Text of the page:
• "I think if we want some stability in our sport, one free transfer before graduation is perfect (obviously keep grad transfers as well). Eliminate all two-time transfer waivers. Mental health waivers should be legitimate, therefore we can't just use that as a 'go-to' for anyone trying to transfer a second time. When I was talking to a fan not too long ago, they were trying to figure out who even was on our team this upcoming year."

• "For mental health and well-being, it's better for them. More kids look back at the benefit of redshirting. It helped our game, it helped development and so much of what we're focused on now, we've moved away [from]." 

• "Not having to sit out a year is the biggest negative to the portal by far because coaches are much more likely to cut kids, save scholarships, and most of all, poach players. When a player had to sit out, coaches were far less likely to rely on transfers or take risks on mid-major kids moving up, kids with baggage, etc. Now there is so little risk involved because kids can play right away and most coaches deem it worth the risk."  

• "The sit-out year helps the kids and the programs. It would get the transfer situation under control. Probably would cut the transfer rate by 30-40%. It would also help with graduation rates. And would bring more stability for coaches to build a sustainable program."

Open the portal after the national title game

• "It's asinine to have the portal open before the end of the Final Four."

• "The basketball season for everyone should be done before a kid should be allowed to enter his name in the portal. Everyone should be on an even playing field from that standpoint. There are teams right now being punished for being good because they are still trying to win postseason games while kids are already being recruited. Some would say, 'Well, the portal guys are going to wait for the better teams, anyway.' But on top of that, I think we all should get a dead period right after the Final Four to collect ourselves and take a deep breath. That gives everyone a chance to recruit their own teams."

• "I hate that teams that are in the tournament are at a disadvantage with portal recruiting. Punishing best teams. Not sure answer but that needs to be thought out. Maybe like NBA free agency, which starts after the NBA Finals, portal shouldn't open until after Final Four."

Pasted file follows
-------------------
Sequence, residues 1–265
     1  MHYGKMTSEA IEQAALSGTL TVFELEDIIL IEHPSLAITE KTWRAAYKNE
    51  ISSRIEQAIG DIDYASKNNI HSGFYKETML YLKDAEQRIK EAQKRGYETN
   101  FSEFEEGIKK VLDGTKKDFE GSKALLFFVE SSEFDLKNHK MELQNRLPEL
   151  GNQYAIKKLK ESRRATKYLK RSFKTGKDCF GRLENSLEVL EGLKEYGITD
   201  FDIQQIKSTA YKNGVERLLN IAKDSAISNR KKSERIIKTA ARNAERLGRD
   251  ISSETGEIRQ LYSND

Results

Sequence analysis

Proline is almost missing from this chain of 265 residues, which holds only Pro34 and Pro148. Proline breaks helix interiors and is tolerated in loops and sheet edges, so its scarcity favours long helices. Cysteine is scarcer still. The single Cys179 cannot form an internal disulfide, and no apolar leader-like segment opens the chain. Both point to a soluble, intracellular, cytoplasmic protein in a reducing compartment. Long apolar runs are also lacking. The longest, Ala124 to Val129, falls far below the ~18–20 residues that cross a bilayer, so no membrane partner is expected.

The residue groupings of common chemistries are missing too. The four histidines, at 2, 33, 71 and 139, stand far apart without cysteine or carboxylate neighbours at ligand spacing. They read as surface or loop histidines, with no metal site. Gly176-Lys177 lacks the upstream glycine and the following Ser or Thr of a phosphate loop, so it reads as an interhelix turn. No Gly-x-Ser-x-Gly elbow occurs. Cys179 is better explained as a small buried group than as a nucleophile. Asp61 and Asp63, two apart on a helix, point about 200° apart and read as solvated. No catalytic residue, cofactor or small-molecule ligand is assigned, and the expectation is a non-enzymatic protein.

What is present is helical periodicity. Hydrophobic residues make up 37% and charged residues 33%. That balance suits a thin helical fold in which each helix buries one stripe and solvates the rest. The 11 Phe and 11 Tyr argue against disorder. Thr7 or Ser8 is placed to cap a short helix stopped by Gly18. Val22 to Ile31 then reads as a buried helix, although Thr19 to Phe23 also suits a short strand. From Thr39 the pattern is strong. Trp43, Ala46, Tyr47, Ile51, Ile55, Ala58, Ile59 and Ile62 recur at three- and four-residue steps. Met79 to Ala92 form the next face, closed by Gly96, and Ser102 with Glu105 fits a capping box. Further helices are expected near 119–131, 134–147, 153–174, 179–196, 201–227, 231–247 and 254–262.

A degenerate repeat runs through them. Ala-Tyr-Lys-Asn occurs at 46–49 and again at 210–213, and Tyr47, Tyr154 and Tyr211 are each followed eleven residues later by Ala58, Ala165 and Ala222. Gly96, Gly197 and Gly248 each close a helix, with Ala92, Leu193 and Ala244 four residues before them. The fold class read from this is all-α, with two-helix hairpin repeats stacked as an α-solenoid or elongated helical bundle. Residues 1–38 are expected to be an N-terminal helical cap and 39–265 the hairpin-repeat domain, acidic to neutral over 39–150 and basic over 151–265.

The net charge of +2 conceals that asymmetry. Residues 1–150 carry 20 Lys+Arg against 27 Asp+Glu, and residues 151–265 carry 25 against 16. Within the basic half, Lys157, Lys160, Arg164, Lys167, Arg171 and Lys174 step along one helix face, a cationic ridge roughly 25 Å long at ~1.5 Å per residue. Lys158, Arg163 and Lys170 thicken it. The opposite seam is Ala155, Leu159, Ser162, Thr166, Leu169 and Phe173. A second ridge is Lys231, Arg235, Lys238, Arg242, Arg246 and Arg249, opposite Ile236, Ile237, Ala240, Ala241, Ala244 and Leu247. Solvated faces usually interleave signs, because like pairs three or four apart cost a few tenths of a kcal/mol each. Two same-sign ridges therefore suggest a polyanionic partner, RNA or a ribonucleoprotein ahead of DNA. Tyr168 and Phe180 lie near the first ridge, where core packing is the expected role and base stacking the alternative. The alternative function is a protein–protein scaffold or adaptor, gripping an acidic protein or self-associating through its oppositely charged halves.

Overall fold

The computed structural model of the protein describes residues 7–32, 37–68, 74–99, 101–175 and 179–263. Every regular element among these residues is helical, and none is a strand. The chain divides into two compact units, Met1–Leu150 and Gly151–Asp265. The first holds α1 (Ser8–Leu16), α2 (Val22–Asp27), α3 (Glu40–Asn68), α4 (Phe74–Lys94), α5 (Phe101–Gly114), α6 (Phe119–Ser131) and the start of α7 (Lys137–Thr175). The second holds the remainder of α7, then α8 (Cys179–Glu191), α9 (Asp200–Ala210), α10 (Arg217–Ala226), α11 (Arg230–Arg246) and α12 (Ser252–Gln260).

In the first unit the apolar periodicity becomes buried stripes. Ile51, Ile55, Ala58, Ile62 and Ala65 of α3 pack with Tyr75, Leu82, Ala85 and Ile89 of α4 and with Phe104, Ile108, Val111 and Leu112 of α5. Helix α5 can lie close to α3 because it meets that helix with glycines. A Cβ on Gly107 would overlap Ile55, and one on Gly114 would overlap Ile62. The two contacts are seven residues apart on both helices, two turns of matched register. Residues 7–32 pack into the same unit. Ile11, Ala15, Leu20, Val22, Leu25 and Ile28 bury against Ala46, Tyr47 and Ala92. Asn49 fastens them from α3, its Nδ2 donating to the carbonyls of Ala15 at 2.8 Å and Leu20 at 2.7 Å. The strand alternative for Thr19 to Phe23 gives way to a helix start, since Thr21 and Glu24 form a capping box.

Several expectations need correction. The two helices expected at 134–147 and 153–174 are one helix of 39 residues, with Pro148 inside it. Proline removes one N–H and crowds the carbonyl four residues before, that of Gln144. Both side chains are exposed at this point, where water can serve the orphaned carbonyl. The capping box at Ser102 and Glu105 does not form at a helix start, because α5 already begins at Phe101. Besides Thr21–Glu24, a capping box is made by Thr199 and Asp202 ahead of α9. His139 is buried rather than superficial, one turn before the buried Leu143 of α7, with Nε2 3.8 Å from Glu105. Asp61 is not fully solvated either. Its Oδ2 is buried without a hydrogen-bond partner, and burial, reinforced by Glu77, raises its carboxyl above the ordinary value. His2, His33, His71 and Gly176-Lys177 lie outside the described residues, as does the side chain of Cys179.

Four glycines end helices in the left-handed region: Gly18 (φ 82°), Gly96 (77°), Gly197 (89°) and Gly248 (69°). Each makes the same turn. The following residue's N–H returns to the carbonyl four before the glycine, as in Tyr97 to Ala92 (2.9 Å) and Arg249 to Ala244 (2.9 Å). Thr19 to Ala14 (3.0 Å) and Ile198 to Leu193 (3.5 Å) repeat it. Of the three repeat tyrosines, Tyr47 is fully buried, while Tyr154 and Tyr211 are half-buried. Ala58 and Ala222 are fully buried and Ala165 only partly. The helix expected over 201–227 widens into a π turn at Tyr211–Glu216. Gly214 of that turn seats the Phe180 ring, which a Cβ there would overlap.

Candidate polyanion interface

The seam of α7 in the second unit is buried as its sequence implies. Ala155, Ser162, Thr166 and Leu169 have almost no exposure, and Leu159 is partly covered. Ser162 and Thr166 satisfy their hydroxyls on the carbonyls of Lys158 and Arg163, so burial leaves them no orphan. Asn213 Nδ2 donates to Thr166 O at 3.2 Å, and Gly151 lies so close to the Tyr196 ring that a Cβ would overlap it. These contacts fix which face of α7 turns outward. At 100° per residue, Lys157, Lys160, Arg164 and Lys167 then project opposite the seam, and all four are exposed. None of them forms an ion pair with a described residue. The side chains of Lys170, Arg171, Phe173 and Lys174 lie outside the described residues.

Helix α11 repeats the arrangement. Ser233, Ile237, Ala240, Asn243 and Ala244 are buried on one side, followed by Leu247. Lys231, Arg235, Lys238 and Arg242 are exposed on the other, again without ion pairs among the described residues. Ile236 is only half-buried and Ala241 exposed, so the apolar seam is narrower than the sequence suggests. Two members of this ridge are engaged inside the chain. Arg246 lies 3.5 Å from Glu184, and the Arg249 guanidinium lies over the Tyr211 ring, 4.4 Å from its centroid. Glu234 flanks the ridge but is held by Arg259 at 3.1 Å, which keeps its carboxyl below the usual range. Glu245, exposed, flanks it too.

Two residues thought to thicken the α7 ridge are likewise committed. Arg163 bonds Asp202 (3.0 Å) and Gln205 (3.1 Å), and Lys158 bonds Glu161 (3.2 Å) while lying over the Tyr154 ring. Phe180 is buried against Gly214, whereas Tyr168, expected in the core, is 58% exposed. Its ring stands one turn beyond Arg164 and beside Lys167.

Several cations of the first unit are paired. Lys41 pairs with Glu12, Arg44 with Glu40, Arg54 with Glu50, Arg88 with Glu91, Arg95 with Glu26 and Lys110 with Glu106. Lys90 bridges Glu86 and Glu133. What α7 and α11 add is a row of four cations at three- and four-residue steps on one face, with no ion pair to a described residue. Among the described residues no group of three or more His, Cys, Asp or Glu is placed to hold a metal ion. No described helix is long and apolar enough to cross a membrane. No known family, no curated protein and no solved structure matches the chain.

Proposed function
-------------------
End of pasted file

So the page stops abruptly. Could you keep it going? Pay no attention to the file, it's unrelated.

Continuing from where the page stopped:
Grad transfers 

• "Specific time demands (or basically a cutoff date is needed). I'm a high-major coach — but it's bad for our game when high-majors poach a mid-major kid in August."

• "We need a new recruiting calendar with the portal open 30 days — and grad students have to fall into that calendar as well. Also, everyone has to decide by June 1 which school they're attending so they can start summer school."

• "The transfer portal officially has 'rules' now, but the grad transfer portion of it has turned into the wild, wild West. Grad transfers currently have the ability to transfer whenever they want, losing a kid in July because he's a grad transfer is something that isn't fair. If I bring my team on an international trip and play 4-6 games, and I have a graduate student that's not happy with his playing time or he didn't score enough, there is a chance the minute we get home he can put his name in the portal and find a better situation because he's considered a grad transfer. Just is not right."

The takeaway 

Folks, let me tell ya: Coaches can complain about the portal FOREVER. They love to hate this thing — while acknowledging the whole way they're also in line to benefit from it. 

A few actually suggested eliminating the transfer portal altogether, which is obviously not going to happen. Regardless, here's one person's logic as to why: "I just hate that the portal is a 'thing' or a 'place' where everyone has to enter, gain access to contact info, make a public decision to participate in. As high school kids, if someone wants to recruit you, there isn't a central database of info and stuff outside of the (NCAA) clearinghouse. People call a coach, call a kid, get the info they need and go for it. Why does the portal have to be a thing? Why can't kids just transfer and then make these coaches have to work for it all over again just like they did in high school or JUCO recruiting? We shouldn't be looking for ways to make this process easier for people."